Antibiotic-Resistant Bacteria: What They Are and How Scientists Are Combating Them

In 1928, microbiologist Alexander Fleming noticed something peculiar while examining the petri dishes used to grow bacteria in his laboratory. Amongst the small, circular bacterial colonies growing on the plate was a contaminating mold. He noticed that the bacterial colonies closest to the mold were dying, yet those that were far from the mold seemed healthy. Fleming theorized that the mold (later identified as Penicillium) was producing a substance lethal to the bacteria — an antibiotic.

Fleming’s hypothesis turned out to be correct, and within a decade, the antibiotic we know as penicillin was born. Upon accepting the Nobel Prize in 1945, Fleming left us with a prescient premonition that was largely ignored: “The thoughtless person playing with penicillin treatment is morally responsible for the death of the man who succumbs to infection with the penicillin-resistant organism. I hope this evil can be averted.”

And while penicillin was once touted as a miracle drug that has saved countless lives, it is now useless against several infections because the targeted bacteria have become resistant to the medication. Bacteria can achieve this feat since they replicate quickly, which enables them to evolve rapidly. Thanks to this accelerated evolution, bacteria can become resistant to antibiotics much faster than researchers can develop them.

Superbugs are defined as infectious bacteria that have become resistant to multiple antibiotics, leaving doctors with little or no options for treatment. Some of the most dangerous superbugs include methicillin-resistant Staphylococcus aureus (MRSA), Clostridioides difficile, carbapenem-resistant Enterobacteriaceae and Neisseria gonorrhoeae, the causative agent of gonorrhea.The Center for Disease Control and Prevention (CDC) reports that more than 2.8 million antibiotic-resistant infections occur in the U.S. each year, and more than 35,000 people die as a result.

How Bacteria Become Resistant to Antibiotics

Bacteria are able to implement a number of diverse strategies to survive an onslaught of antibiotics. These usually involve a genetic mutation that confers drug-resistance, or the acquisition of a drug-resistance gene from another bacterium. Drug-resistance genes can be passed from one bacterium to another through a structure called the pilis, a tube that connects individual bacterial cells and allows them to transfer genetic information.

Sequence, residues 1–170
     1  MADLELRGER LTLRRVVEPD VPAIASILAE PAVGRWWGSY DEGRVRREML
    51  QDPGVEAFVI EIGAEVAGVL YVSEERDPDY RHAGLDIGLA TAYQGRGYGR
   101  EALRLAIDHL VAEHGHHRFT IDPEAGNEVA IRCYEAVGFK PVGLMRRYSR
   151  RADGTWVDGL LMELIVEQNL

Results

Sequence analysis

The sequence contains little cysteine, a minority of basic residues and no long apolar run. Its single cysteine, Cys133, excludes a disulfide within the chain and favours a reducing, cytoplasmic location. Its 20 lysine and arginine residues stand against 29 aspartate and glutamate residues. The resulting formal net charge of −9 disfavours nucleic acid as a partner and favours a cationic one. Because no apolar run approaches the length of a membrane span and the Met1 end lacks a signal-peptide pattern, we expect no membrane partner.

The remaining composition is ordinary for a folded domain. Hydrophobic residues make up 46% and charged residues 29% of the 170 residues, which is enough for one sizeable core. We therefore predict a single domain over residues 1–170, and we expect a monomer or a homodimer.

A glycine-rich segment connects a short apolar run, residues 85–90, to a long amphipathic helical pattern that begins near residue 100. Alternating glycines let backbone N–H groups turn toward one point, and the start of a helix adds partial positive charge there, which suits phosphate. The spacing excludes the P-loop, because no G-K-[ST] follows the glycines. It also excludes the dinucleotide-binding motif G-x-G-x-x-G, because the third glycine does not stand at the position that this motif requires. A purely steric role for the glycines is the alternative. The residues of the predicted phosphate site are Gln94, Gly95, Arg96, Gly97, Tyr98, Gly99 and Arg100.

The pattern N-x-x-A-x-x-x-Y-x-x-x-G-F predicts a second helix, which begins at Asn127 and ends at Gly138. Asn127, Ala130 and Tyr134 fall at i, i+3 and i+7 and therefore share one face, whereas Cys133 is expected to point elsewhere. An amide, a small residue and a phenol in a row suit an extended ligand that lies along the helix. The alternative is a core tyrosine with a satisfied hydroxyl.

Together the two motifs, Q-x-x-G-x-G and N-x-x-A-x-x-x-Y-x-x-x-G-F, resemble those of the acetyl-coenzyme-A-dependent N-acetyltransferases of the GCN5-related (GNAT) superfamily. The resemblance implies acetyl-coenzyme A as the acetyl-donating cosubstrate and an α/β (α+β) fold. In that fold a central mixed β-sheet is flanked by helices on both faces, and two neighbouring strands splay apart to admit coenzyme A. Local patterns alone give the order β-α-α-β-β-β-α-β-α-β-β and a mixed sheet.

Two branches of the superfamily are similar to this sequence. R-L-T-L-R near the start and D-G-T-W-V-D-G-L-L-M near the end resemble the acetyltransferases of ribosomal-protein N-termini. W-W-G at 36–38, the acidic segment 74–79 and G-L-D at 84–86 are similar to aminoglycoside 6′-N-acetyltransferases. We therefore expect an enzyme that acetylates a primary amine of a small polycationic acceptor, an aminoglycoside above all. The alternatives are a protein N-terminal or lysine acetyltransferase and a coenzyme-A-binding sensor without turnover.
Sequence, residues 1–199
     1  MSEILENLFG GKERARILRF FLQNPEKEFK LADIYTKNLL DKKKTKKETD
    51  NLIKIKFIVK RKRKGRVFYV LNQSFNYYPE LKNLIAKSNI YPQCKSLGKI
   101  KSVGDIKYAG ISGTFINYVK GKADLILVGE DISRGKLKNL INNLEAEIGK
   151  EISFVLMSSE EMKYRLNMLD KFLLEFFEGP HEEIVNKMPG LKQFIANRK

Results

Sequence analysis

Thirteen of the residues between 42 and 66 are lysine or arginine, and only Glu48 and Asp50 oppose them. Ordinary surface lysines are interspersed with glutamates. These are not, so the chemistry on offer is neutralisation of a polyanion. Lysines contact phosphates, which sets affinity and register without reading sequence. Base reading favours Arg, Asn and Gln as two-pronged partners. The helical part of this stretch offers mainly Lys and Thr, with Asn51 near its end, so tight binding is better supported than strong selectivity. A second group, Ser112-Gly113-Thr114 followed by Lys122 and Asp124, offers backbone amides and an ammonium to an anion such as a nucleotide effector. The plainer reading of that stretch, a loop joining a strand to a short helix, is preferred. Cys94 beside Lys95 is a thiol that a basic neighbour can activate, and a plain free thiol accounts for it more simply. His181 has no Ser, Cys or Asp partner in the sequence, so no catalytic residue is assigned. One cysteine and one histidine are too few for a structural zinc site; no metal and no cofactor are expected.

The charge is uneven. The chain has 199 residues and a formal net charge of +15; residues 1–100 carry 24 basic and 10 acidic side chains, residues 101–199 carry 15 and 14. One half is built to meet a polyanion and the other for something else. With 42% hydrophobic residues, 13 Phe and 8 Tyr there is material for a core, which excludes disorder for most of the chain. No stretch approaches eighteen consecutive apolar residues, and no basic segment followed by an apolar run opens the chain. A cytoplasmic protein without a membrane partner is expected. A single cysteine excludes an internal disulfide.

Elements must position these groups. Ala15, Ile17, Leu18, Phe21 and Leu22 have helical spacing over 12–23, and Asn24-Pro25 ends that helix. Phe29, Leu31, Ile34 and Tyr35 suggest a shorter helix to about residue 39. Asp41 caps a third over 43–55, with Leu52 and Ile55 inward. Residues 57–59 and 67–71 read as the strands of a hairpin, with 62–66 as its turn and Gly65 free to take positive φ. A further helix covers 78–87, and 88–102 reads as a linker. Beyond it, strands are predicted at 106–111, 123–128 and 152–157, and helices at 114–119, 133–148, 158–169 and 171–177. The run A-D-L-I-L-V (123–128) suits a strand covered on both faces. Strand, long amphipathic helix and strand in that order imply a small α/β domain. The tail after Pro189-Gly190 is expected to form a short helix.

The first drug-resistance strategy involves modification of the target that the antibiotic attacks. Many antibiotics kill by shutting down a crucial enzyme needed for the bacterial cell to survive. In the case of penicillin, the drug binds and inhibits a bacterial enzyme called transpeptidase, which helps connect components of the cell wall structure that encases the bacterium. In some cases of penicillin resistance, the transpeptidase gene mutated such that penicillin no longer binds to the enzyme. Some antibiotics, like erythromycin, bind to and shut down bacterial ribosomes, which are the factories that turn genes into proteins.In some instances, bacteria gain resistance not by modifying the drug target, but by increasing the amount it normally makes. When this occurs, there is too much of the target for the antibiotic to inhibit, so the therapeutic levels of the antibiotic are no longer effective.

Some bacteria possess enzymes that can destroy the antibiotic, a tactic that is best characterized by penicillin-resistance. Penicillin is susceptible to degradation by a bacterial enzyme called penicillinase, which is normally used to remodel the cell wall when the bacteria are dividing. The problem is that penicillinase can also remodel penicillin, rendering it inactive. Another example is resistance to an antibiotic called chloramphenicol, which shuts down ribosomes like erythromycin. Bacteria in possession of a gene called CAT make an enzyme called chloramphenicol acetyltransferase, which can neutralize this antibiotic so that it is no longer able to bind ribosomes.